Dave Reneke preparing to view the Transit of Venus with special glasses, and (right) a preview of what the 2012 Transit will look like.
Dave Reneke preparing to view the Transit of Venus with special glasses, and (right) a preview of what the 2012 Transit will look like. Dave Reneke

Once in a lifetime eyeful of Venus

IT'S A twice-in-a-lifetime moment.

Tomorrow morning, an event that takes place only four times every two centuries will enthral the world's astronomers, as it has since the 1600s.

People all over the world will be craning their necks to get a look at one of the rarest sky events possible, the Transit of Venus - and nobody alive will see this again. The next one will be in 2117.

Well-known Australian astronomer and writer for Australian Science magazine Dave Reneke said Australia, New Zealand, East Asia and the western Pacific were the best locations for viewing all of the 2012 transit, which started soon after sunrise and finished in the afternoon.

People in the United States will be watching for it this afternoon. Most other parts of the world will see some of the transit, with the exception of West Africa and most of South America.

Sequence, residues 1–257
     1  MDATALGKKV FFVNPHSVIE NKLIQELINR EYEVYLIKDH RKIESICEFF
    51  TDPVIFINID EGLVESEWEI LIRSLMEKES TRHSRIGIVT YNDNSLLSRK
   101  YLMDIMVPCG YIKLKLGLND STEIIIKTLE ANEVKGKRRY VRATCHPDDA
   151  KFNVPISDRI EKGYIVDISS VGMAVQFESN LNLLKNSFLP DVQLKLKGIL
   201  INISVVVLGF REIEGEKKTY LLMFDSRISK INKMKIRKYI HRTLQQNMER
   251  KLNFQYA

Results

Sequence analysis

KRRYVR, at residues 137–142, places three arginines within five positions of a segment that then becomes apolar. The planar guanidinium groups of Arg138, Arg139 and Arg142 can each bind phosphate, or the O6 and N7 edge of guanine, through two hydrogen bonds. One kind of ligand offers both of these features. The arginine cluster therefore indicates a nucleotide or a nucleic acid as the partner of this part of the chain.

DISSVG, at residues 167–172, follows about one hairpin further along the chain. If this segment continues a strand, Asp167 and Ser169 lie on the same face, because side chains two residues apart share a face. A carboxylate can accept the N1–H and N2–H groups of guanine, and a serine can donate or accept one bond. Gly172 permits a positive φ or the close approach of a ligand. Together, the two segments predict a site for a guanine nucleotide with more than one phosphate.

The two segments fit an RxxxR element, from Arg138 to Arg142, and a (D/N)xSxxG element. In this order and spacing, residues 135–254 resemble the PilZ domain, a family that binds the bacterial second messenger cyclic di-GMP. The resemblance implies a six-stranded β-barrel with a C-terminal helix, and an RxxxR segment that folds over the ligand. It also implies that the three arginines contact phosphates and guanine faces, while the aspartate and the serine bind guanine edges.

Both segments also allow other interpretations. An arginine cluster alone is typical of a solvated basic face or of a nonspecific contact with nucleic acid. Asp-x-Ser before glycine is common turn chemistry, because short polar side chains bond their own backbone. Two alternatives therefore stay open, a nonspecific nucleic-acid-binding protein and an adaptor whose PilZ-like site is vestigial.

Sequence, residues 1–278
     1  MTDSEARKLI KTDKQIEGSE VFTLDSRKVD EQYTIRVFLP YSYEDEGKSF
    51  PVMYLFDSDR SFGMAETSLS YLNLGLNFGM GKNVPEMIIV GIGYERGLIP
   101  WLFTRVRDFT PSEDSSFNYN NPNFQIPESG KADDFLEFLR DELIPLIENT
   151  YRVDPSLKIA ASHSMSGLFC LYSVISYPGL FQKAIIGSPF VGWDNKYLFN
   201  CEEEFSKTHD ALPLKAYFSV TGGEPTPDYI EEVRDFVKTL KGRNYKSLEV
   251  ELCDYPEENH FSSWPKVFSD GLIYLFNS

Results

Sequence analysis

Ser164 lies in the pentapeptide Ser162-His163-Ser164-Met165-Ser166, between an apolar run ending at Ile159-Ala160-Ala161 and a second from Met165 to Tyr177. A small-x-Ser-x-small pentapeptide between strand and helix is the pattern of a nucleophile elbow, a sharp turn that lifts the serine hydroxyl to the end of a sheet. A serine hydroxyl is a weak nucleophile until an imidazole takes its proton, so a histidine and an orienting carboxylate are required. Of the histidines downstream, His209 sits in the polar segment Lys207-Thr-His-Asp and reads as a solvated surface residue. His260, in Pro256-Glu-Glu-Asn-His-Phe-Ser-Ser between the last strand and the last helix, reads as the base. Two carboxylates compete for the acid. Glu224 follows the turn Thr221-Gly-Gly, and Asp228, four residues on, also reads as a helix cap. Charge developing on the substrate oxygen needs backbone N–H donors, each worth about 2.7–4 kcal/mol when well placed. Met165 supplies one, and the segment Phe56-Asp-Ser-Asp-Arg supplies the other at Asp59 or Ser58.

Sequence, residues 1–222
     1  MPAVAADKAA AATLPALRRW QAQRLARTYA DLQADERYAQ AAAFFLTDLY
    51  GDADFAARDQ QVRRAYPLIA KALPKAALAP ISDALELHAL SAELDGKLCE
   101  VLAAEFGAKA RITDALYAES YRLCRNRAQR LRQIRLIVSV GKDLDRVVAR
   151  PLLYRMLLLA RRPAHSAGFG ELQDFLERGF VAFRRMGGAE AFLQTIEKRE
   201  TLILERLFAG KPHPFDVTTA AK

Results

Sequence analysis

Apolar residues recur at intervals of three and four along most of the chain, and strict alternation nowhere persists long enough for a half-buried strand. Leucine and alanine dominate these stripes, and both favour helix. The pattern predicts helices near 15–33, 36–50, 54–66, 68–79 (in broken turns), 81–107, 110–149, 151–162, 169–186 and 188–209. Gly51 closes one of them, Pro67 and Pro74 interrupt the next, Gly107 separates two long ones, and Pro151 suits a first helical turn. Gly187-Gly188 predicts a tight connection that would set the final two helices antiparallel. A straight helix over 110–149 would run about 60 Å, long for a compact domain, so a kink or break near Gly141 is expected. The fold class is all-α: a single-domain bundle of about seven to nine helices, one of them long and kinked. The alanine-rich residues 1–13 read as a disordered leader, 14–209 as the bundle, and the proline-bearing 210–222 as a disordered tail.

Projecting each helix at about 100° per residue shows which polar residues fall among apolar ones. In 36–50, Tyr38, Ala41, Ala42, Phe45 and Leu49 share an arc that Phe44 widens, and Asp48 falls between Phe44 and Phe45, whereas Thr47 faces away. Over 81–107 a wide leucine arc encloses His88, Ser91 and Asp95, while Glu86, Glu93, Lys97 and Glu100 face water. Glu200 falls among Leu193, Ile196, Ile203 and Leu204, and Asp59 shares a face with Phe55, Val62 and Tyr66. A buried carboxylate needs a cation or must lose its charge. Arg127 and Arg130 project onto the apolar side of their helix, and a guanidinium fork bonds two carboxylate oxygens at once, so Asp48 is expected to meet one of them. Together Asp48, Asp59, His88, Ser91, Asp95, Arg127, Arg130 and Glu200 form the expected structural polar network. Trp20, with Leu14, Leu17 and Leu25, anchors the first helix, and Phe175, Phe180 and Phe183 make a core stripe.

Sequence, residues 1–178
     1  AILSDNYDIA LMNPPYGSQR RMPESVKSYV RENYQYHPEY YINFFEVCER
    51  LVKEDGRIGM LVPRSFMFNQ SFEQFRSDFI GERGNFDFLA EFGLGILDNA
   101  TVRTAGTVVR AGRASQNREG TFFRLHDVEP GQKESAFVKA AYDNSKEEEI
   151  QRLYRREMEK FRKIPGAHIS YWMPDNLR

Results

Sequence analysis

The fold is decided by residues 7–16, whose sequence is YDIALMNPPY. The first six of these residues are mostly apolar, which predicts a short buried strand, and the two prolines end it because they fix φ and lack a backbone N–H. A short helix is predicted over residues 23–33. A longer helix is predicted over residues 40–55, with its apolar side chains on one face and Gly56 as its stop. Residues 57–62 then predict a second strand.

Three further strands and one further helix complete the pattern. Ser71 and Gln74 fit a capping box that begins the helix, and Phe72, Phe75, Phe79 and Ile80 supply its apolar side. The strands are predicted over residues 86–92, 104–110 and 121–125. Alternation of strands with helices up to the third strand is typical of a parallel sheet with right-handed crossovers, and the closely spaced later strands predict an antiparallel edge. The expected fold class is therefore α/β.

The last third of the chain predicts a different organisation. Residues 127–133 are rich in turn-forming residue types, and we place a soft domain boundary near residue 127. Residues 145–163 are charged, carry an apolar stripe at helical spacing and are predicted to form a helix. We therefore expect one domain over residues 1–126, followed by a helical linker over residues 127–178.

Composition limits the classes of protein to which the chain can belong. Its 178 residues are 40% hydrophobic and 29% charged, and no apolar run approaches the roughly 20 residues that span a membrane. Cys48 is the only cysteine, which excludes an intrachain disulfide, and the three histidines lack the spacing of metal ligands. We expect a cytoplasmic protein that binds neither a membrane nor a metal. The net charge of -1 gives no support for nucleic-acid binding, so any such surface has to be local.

"A transit of Venus is when the small disc of Venus passes in front of the Sun," Mr Reneke said.

"The event takes several hours and has only been viewed six times in recorded history.

"The last was in 2004 and was watched by millions who used tele

scopes to project images of the Sun's disc and the dot of Venus on to cards or electronic monitors."

Mr Reneke said the reason Lieutenant James Cook came to the southern hemisphere was to view the transit of 1769.

"By comparing northern observations astronomers of those times were able to calculate the distance between the Sun, Earth, and Venus," he said.

"It was pretty accurate. Then he went on to discover Australia."

Scientists hope the 2012 transit will give them more clues about the atmosphere of Venus plus provide priceless data in the hunt for habitable planets in deep space using similar transit methods.

You can view the Sun directly by using specially made filters. Do not use sunglasses, smoked glass, exposed film or CD/DVDs as filters.

While these objects may reduce the amount of visible sunlight they don't reduce the radiation. Eye damage could be the result.

Mr Reneke's website davidreneke.com has free fact sheets and other downloadable information on the history of the transit and how to watch the transit safely from any city in the world.

Gympie Times


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